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GPSolo eReport

GPSolo eReport April 2023

Active Listening: Do I Really Need to Say This?

Stephen Seckler


  • If you spend more time exercising your ears instead of your mouth, your law practice will grow, your career will advance, and you will be a much happier manager.
  • As lawyers, we like to show how smart we are. In reality, listening may be the best way to do that.
  • Each letter in the acronym “T.H.I.N.K.” represents a question that should be asked before speaking: T - Is it true? H - Is it helpful? I - Is it inspiring? N - Is it necessary? K - Is it kind?
Active Listening: Do I Really Need to Say This?
Marco_Piunti via Getty Images

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Several years ago, the New York Times published an article describing the term “cooperative overlapping.” The author suggested that in New York, if you are not interrupting, you are not interested in the conversation.

After reading the article, it occurred to me that I’m in a mixed marriage. My wife is Jewish and from Ann Arbor, Michigan, and I’m Jewish and from New York.

Simply put, when I’m interested in a subject, I like to jump in and participate in the conversation. My wife, on the other hand, thinks that interrupting is rude. In the Midwest, it is more polite to let someone finish their thought before weighing in.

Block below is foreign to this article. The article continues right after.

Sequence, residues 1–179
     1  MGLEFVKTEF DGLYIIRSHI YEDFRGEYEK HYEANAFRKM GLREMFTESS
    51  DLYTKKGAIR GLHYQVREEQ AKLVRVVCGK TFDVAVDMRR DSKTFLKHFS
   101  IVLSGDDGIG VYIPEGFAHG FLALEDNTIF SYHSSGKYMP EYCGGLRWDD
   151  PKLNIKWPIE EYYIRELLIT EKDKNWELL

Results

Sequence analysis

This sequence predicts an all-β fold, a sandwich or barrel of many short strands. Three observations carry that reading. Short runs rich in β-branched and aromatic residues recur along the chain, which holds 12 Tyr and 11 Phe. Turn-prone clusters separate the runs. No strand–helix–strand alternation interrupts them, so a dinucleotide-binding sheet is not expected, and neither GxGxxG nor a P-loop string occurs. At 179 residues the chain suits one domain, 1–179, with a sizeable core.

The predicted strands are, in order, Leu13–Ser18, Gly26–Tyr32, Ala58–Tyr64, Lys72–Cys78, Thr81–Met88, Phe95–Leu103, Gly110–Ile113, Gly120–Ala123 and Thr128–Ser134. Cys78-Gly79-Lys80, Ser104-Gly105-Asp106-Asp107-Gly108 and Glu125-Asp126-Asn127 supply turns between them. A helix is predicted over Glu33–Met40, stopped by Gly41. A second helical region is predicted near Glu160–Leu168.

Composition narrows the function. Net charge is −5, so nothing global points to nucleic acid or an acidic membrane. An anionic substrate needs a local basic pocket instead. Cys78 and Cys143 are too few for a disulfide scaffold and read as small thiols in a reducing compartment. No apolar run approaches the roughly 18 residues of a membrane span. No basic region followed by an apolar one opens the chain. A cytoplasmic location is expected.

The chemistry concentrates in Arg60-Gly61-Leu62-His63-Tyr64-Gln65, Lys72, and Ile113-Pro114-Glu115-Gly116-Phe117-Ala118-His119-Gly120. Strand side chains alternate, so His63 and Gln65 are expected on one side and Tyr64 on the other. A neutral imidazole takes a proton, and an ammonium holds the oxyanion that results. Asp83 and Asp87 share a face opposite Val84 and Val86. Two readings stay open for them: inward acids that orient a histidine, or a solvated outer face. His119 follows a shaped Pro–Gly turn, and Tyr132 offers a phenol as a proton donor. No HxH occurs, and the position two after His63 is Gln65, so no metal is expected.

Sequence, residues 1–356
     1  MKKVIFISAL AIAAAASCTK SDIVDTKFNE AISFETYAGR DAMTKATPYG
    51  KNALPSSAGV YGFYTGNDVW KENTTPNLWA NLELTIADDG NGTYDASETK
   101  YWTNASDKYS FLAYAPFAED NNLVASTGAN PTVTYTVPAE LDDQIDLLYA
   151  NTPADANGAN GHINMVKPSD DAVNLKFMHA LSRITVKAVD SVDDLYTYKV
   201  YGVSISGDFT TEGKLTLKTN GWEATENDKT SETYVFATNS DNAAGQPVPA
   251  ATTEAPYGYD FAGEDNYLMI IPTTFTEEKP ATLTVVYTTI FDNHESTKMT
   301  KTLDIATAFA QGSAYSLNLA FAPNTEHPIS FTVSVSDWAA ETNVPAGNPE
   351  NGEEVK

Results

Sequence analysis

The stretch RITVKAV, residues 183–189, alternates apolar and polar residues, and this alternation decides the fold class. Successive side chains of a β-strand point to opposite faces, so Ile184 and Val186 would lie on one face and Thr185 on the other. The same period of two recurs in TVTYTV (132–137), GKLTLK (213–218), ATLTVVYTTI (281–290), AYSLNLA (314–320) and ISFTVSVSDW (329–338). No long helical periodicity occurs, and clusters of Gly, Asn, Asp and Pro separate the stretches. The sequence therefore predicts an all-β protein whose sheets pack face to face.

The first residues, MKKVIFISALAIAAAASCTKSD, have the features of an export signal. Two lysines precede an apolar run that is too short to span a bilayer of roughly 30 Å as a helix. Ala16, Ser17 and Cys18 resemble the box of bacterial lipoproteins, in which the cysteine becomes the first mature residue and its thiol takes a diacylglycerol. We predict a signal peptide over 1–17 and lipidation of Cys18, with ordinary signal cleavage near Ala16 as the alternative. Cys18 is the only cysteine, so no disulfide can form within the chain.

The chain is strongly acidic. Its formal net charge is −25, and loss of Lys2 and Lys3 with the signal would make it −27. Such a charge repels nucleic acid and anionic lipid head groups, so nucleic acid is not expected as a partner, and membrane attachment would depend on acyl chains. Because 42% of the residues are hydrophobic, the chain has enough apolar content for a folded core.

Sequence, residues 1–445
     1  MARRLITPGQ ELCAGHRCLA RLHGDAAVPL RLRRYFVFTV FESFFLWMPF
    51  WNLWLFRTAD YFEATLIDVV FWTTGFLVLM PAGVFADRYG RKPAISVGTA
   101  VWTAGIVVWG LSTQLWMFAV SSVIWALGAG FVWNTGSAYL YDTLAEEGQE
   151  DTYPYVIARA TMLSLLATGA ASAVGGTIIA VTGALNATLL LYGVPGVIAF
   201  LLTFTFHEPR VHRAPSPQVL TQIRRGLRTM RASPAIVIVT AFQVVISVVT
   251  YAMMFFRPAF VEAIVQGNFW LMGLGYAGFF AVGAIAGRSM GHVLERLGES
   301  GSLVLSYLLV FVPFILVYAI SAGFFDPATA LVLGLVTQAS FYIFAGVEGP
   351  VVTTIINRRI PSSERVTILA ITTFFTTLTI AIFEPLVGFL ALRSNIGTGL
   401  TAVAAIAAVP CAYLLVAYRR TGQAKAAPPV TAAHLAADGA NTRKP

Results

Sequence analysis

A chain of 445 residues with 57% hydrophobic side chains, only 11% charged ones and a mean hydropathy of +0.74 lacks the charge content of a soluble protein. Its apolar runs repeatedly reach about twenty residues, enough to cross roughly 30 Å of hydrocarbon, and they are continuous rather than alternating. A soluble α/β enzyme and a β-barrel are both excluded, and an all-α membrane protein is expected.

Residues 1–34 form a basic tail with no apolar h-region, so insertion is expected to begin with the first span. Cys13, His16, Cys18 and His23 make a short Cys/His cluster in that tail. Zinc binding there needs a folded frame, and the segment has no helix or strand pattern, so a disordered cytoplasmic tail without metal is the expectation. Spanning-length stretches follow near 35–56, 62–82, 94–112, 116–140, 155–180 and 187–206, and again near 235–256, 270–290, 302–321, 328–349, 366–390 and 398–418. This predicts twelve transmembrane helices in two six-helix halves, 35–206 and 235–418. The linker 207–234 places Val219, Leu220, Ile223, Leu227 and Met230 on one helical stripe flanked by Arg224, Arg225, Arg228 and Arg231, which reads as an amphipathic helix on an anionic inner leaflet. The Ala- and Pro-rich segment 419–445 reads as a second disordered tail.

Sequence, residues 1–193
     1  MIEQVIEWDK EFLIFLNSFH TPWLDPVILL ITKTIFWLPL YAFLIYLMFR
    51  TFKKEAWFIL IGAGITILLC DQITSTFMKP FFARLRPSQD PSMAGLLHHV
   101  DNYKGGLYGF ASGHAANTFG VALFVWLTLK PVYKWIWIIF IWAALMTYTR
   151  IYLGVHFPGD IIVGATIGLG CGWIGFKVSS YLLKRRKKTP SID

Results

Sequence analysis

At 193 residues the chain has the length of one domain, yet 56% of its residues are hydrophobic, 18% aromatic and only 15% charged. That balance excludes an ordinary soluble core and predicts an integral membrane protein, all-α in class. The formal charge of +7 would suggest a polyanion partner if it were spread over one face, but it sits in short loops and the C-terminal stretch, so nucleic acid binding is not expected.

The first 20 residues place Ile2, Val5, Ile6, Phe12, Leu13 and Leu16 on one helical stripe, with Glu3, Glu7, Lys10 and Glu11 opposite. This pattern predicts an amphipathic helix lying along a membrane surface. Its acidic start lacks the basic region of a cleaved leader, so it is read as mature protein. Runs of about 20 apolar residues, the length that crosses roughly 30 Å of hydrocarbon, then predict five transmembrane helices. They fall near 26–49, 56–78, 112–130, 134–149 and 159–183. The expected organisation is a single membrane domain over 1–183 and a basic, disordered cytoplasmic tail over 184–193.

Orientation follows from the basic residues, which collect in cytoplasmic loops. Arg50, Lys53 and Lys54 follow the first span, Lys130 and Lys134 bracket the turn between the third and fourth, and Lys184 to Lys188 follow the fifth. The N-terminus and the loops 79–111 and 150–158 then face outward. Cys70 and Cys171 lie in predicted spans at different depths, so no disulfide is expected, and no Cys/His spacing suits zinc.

Since that time, I’ve been considering a bigger issue: Do I simply talk too much?

In Building Business Relationships, Active Listening Is Key

I’ve been a student of active listening for more than 30 years. In 1990, I participated in my first mediation training and learned about the importance of giving parties a chance to be heard. We practiced nonjudgmental listening and the art of asking open-ended questions. We learned that letting someone vent can go a long way in getting that person to start thinking about compromise.

Several years later, I learned that the same principles apply to coaching. A good coach asks a lot of open-ended questions and then listens with the intention of trying to understand. Good coaches do not focus on their own thoughts, feelings, reactions, and experiences when the client is speaking. A good coach asks questions to get coachees to articulate their goals and underlying beliefs and to identify roadblocks that are getting in the way.

As I’ve come to appreciate, active listening skills are important not only in coaching and in mediation. They are equally important if you want to build trusted relationships that will help you build your practice, advance your career, and be a more effective manager/leader.

Part of that means listening more and speaking less.

As a Group, Lawyers Are Not Great Listeners

As I said in my article “Stop Thinking (and Acting) Like a Lawyer” for the September 2022 issue of the GPSolo eReport, the qualities that make lawyers effective in representing their clients (skepticism, aversion to risk, competitiveness, intellect, etc.) can get in the way when they are not actually practicing law.